During fall camp of his redshirt freshman year while still playing defensive end and still carrying defensive end weight (240 pounds), Wright suffered a high ankle sprain that kept him from competing for time in MSU’s defensive line rotation. Early that season, Wright “messed up” his AC joint in his shoulder and ended up appearing in just five games, notching one assisted tackle.
By the end of his redshirt sophomore year in 2016, Choate’s first season at the helm, Wright “looked like a robot” because of the bulky brace he had to wear on his right elbow to support a torn UCL and a brace on his knee because of a sprained MCL. Yet he started all 11 games.
Last season, Wright tore the labrum in his left shoulder, an injury that initially happened in high school but got to the point where his shoulder “constantly slid out” when he played. He has delayed the surgery until his eligibility runs out. Yet his string of consecutive starts reached 22 games.
This season, he’s managed to stay healthy and has produced at multiple inside positions on MSU’s defensive line. He started the first game of the season at nose guard with Yates suspended and has rotated in at the position a good amount all year. He has 32 tackles this season, including a career-high 7.5 tackles for loss. He notched sacks against South Dakota State, Weber State and Cal Poly.
Wright spends most Sunday mornings during the season in the training room or doing some sort of rehab to keep his body operating at a functional level. He’s endured as many injuries as any Bobcat. Yet Wright has as many consecutive starts as anybody on the roster.
“The devil is in the details,” Wright said as he sat outside the MSU training room less than 48 hours after enduring an afternoon defending Cal Poly’s relentless triple option. “It’s not the big things. It’s all the small things added up. It’s about the menial tasks, doing the things you don’t want to do to stay in the fight.
“You wake up like this and you feel like you’ve done something. That’s what I love. It’s unbelievably satisfying. You don’t want it but you need it. It’s addicting.”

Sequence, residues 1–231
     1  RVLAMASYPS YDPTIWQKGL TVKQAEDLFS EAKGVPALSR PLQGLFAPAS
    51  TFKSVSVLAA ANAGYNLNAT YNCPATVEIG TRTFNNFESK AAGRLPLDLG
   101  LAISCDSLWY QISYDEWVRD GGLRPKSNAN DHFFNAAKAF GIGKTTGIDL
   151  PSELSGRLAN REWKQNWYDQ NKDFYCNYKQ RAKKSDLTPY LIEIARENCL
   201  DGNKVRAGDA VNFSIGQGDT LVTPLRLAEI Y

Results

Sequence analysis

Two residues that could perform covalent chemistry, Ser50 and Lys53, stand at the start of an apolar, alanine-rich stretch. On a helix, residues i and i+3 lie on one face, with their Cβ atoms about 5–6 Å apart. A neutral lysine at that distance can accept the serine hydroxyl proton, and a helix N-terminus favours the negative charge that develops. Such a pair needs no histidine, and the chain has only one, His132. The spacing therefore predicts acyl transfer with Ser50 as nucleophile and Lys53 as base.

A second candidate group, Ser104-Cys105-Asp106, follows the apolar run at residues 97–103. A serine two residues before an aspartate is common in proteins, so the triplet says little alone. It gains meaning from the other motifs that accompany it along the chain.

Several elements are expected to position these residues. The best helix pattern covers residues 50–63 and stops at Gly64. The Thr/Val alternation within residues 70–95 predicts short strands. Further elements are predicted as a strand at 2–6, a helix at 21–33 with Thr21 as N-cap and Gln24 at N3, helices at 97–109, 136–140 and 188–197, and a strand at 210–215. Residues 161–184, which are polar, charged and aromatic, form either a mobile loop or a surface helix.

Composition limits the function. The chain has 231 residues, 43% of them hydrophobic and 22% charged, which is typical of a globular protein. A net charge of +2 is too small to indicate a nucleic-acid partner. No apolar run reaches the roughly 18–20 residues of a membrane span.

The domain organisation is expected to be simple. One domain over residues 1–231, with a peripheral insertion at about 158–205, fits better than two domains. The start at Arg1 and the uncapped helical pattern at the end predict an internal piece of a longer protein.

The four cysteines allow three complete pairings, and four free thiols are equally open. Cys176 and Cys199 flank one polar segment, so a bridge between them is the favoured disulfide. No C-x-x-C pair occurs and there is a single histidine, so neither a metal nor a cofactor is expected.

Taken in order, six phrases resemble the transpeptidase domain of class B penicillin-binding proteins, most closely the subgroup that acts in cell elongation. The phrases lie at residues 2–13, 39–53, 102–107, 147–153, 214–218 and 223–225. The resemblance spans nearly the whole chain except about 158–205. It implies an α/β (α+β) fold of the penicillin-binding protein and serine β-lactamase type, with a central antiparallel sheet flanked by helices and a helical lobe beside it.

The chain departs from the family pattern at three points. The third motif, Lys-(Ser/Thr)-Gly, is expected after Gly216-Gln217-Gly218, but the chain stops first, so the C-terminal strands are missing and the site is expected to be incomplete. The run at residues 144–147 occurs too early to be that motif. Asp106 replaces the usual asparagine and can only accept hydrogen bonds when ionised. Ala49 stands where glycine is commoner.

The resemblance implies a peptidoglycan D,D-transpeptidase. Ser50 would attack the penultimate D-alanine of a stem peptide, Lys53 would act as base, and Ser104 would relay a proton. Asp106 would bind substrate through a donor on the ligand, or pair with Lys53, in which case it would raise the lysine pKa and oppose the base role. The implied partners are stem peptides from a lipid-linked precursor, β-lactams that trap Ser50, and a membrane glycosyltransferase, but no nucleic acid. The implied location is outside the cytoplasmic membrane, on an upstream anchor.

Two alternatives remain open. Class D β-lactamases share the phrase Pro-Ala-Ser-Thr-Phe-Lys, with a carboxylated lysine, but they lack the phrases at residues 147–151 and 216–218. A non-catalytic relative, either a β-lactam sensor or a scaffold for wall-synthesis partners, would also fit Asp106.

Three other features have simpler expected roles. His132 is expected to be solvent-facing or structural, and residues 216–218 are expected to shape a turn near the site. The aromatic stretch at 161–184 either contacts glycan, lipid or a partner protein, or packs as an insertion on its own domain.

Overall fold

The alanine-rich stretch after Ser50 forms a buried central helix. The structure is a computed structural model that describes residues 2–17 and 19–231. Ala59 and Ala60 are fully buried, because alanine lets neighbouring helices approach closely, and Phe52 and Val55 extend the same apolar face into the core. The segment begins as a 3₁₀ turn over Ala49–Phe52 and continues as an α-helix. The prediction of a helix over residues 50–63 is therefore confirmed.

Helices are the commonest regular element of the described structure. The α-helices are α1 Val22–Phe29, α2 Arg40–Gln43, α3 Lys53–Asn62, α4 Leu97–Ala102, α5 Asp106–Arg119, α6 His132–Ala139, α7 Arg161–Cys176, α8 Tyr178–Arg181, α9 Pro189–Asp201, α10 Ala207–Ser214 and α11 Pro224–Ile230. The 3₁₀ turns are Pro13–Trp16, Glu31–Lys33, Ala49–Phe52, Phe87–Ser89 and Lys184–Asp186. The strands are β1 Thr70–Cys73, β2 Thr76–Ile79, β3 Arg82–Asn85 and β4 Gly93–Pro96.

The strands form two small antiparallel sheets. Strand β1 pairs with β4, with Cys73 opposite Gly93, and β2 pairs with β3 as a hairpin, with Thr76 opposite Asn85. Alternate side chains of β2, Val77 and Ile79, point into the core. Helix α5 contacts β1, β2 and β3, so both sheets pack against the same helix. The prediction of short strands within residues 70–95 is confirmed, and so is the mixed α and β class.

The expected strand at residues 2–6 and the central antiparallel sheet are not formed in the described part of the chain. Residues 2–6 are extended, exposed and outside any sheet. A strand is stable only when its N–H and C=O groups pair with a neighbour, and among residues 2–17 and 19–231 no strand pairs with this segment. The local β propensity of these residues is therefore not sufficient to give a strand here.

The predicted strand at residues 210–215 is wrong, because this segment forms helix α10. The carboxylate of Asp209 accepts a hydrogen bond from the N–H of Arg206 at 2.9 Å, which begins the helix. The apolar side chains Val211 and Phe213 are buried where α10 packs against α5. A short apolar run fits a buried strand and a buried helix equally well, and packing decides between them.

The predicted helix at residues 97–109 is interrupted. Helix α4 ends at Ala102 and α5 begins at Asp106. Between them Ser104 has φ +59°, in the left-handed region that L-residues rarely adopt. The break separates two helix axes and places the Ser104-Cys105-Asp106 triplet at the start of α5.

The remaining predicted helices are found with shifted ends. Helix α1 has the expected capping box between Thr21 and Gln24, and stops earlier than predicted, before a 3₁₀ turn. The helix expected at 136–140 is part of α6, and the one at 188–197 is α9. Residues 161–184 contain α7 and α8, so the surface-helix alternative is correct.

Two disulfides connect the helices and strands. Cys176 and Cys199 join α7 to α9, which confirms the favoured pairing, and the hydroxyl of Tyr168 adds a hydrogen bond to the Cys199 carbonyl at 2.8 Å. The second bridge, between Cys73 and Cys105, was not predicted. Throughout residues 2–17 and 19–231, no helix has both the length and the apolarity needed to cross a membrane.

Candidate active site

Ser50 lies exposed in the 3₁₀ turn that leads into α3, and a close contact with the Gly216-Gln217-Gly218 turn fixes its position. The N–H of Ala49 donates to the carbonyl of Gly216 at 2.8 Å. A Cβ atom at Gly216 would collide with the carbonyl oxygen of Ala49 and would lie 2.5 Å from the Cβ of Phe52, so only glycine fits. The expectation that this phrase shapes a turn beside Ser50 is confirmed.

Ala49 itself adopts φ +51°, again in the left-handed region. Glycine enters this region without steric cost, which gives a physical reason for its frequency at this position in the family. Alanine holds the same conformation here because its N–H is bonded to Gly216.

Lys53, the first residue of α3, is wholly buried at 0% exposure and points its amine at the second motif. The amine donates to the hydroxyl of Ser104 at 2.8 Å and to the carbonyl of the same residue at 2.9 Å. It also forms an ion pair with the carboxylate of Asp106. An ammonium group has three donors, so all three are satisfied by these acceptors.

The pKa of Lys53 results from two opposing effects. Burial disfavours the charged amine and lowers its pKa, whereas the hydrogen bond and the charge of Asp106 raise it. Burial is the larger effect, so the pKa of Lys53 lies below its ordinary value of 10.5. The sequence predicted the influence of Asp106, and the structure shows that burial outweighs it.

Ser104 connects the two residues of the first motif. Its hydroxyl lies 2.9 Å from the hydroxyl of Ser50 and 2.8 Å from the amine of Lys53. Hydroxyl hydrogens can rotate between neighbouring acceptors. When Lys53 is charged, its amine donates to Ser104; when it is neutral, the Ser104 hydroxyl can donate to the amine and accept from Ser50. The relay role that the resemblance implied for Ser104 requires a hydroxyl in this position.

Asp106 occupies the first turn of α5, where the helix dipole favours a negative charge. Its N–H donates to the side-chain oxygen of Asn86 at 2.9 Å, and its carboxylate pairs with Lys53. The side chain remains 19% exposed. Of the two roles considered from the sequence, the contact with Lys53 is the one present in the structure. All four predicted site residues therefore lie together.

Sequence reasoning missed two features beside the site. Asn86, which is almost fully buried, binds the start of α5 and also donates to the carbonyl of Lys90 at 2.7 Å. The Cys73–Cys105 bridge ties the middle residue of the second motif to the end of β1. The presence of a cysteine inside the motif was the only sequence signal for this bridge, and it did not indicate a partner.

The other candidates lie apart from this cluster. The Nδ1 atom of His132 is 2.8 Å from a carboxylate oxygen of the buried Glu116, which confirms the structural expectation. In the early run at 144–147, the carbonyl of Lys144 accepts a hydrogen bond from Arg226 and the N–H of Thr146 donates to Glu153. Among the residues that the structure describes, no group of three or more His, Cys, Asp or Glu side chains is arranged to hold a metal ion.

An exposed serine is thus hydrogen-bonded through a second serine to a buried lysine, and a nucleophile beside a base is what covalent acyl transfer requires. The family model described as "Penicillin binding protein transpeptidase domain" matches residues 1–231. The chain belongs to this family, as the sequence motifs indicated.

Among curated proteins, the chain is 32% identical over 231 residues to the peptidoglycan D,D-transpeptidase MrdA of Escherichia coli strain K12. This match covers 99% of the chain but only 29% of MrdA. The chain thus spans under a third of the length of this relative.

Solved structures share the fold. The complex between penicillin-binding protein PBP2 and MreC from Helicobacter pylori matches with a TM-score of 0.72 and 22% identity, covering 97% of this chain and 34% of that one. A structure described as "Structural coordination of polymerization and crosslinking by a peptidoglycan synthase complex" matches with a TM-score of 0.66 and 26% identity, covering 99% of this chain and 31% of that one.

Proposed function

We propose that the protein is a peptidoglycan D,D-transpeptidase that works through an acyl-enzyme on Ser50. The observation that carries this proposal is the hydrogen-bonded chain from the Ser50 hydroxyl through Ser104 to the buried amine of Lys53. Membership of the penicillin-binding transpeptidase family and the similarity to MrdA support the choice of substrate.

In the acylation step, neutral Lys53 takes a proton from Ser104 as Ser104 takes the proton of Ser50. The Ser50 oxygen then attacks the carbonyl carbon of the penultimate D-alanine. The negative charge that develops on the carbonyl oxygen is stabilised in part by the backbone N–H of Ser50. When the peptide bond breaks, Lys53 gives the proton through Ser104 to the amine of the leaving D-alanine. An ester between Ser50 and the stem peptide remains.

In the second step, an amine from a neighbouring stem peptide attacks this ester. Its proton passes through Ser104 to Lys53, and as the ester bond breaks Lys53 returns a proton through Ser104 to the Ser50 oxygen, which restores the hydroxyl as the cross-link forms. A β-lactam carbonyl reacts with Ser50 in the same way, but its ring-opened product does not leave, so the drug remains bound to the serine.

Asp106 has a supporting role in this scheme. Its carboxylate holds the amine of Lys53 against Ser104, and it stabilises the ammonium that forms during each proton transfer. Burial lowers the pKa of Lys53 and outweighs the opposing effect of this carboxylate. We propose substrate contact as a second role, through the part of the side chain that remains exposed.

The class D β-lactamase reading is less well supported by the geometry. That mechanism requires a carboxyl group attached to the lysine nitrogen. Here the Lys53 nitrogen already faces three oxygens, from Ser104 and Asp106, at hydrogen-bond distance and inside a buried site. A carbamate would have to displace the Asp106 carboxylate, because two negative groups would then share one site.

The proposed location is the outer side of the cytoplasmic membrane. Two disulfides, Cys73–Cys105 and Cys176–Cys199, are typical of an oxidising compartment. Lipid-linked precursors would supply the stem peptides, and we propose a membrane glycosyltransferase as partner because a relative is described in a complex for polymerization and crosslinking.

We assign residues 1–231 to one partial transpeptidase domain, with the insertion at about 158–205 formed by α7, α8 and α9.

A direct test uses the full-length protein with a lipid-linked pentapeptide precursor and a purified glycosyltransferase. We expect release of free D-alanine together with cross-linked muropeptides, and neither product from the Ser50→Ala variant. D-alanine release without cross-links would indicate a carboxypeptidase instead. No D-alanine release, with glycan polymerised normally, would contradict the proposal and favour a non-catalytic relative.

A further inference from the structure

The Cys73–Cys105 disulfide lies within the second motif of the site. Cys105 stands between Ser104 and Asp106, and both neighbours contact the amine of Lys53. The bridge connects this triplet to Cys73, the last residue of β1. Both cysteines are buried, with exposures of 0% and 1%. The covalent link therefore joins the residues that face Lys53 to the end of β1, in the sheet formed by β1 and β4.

In his career, Wright has 12.5 tackles for loss and five sacks. Statistics don’t tell the whole story.
“He’s a tough Texas boy that never quits,” said Yates, who has served as a captain with Wright, senior center Alex Neale and junior wide receiver Kevin Kassis down the stretch of this season. “He’s going to fight through some injuries. He’s going to play his heart out.”
Before taking his first college head coaching job, Choate spent two years coaching defensive line at Washington. When spring practices opened, Choate and Hout went to work building the bedrock fundamentally for what, three years later, is now one of the top defensive lines in the Big Sky. Before the coaching change, a mutual decision was also made to move Wright from end to tackle.
When he came back from Christmas Break to report to winter conditioning, Wright had gained so much mass, he became the brunt of jokes from his fellow linemen.
“We were like, ‘Damn, Zach,’” Fa’anono said with a nostalgic laugh. “We would send him messages about him being all big and fat. He gained weight by eating and he didn’t have that much time to train. When he came in, he was skinnier than me. His mom must be a great cook.”
The “bad weight phase” didn’t last long. By the 2016 season, Wright weight 255 pounds with improved fitness. He has played the last two seasons at 265 pounds on his 6-foot-2.5 frame, part of his conditioning coming from spending part of his summer working on a farm in Medicine Lake, Montana. Wright’s ability to perform at an all-league level is a testament to the discipline he’s been honing since his youth.